TVCC Officially part of
WaterWays of Chattanooga
By Dixie Riall, Conservation Chair
Recently TVCC adopted a segment of South Chickamauga Creek near Audubon Acres and promptly jumped in to clear the creek of debris, including a large stack of old tires. The adoption was in coordination with the Adopt-A-Waterway Program founded in 2018 on the principle that everyone can be a steward. The program goal is connect as many volunteers as possible to their local waterways, where they will enhance water quality through stewardship projects.
Adopting a stream means a two year commitment to the segment of choice with at least one stewardship project required every year. Volunteers/organizations are recognized on site with a sign, and supported by WaterWays throughout the adoption process.
Pictured above is Dixie and David Riall, receiving TVCC’s sign from the WaterWays of Chattanooga representive. Plans to return to Audubon Acres for a shore line path clean up and invasive plant removal are in the works. Club members will be armed with Privet wranglers and claws to make it easy! We are shooting for March 13th and will provide more details as soon as available..
Thanks again to the TVCC Crew who helped with the recent river clean up.
Are you “into” Social Media?
Are you creative?
TVCC is looking for a special person who loves to post on Social Media!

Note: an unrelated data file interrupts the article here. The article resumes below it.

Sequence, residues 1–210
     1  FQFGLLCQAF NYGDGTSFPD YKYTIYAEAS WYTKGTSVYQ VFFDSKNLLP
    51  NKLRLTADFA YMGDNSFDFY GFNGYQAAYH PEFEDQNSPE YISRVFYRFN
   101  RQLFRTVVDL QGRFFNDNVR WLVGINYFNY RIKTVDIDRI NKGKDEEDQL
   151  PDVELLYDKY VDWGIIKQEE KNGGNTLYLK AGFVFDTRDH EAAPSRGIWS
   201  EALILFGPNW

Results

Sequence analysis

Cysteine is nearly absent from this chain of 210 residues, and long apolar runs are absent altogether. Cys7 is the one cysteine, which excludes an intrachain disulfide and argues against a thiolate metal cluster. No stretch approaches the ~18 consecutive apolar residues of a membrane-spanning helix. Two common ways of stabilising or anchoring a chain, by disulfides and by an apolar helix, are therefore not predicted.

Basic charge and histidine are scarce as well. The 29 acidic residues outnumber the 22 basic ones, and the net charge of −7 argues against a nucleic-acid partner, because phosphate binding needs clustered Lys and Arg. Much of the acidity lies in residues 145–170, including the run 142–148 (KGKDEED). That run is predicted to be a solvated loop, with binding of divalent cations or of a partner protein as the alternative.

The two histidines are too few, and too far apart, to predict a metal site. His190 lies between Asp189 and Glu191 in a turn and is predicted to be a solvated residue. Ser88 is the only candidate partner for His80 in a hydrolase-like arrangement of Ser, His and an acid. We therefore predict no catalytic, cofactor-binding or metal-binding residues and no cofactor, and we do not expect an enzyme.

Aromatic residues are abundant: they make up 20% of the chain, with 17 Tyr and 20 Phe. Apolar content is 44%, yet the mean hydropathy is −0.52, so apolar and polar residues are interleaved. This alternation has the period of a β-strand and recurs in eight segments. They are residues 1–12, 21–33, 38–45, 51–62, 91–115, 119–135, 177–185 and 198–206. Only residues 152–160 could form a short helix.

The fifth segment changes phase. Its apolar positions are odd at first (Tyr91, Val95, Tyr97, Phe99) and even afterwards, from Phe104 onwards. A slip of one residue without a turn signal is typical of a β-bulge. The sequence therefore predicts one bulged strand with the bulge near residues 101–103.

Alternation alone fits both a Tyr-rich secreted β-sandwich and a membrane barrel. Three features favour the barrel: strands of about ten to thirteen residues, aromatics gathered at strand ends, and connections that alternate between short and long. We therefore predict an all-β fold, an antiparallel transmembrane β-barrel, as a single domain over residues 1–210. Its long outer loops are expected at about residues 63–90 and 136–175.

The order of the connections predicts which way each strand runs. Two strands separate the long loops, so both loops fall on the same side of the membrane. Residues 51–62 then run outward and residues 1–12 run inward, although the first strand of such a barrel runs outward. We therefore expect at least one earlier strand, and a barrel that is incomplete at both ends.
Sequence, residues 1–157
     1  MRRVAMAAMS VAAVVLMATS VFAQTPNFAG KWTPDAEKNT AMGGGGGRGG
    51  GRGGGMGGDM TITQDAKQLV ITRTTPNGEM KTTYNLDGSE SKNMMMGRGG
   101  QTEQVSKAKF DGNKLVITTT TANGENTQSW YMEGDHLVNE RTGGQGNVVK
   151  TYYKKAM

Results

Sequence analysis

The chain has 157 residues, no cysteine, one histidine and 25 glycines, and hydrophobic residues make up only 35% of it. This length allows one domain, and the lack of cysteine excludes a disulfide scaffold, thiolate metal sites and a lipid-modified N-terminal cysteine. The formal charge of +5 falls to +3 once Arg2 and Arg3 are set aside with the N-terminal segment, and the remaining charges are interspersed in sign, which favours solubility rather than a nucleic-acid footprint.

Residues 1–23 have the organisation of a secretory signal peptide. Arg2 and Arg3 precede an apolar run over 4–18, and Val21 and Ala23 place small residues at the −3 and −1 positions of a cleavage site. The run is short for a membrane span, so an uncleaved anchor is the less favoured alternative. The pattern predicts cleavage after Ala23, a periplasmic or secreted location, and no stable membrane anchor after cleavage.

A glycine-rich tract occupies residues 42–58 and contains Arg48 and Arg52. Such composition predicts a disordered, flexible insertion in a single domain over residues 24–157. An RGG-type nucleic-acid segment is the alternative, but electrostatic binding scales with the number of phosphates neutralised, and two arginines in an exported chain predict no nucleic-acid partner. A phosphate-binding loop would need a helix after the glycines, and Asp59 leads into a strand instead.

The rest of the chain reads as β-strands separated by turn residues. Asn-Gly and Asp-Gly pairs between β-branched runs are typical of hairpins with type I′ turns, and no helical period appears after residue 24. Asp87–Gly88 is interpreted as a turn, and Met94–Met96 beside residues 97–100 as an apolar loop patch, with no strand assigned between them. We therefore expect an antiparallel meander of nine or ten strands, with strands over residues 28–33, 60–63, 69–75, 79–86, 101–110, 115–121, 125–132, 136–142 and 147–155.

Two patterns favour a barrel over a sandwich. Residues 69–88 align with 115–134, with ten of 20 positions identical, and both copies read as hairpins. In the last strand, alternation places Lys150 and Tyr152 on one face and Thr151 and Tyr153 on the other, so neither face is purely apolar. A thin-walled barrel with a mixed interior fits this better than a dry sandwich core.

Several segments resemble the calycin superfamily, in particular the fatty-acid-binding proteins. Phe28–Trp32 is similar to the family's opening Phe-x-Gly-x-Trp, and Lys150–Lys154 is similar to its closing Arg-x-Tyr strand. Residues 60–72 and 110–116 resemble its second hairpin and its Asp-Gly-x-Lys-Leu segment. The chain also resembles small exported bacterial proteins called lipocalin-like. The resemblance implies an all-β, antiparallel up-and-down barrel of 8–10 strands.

This individual would need to be good at writing, design and photo editing. If this is you and you would like to help TVCC get the word out to members, please read on.
TVCC needs the right person to get news such as upcoming events and reports out to members on a regular basis. In the past we have used Facebook, our website and a newsletter primarily for outreach platforms. However, it is possible these are not the only, best ways to keep members informed. With the new year, perhaps it is time for a very forward looking person to move TVCC into better and more effective information delivery. If you would like this challenge, we need you. Please contact Darren Caputo (firstname.lastname@example.org) for more information.
Riu Segre, La Seu d’Urgell, Catalunya (Joe Jacobi photo, January, 2021)
The learning curve of a paddler is steep. And slow.
In the beginning stages, it is not uncommon to feel one or all of the following:
Lack of control
Uncomfortably bound to your kayak
Like embarking upon any challenging activity, paddlesports has a few important elements of your boat, the water, and safety to understand before pushing away from the shore.
But, the initiation of becoming a paddler and navigating rivers is less about words and “how to’s.” It is much more experiential. An important part of a paddler’s development happens through error, discomfort, and repetition. Then, we start to activate a feel for and touch upon the water.
When a beginner takes to the water for the first time, certain elements immediately stand out to me.
Sure, it’s easy to notice the person who comes out with a blazing paddle and frantically pulling hard through the water. There is a sense of doing something with force before force opposes them.
Or, tentative, gentle, and carefully calculated paddle strokes through the water calmly observed by the new paddler. Go slowly and manage mistakes more easily.
But, on this first voyage, one element instantly communicates more about readiness and core attributes of a paddler than all others. That is posture.
In noticing posture, the question I seek to answer is:
How can we position ourselves to better leverage large transfers of energy between ourselves and unexpected and uncontrollable forces of power?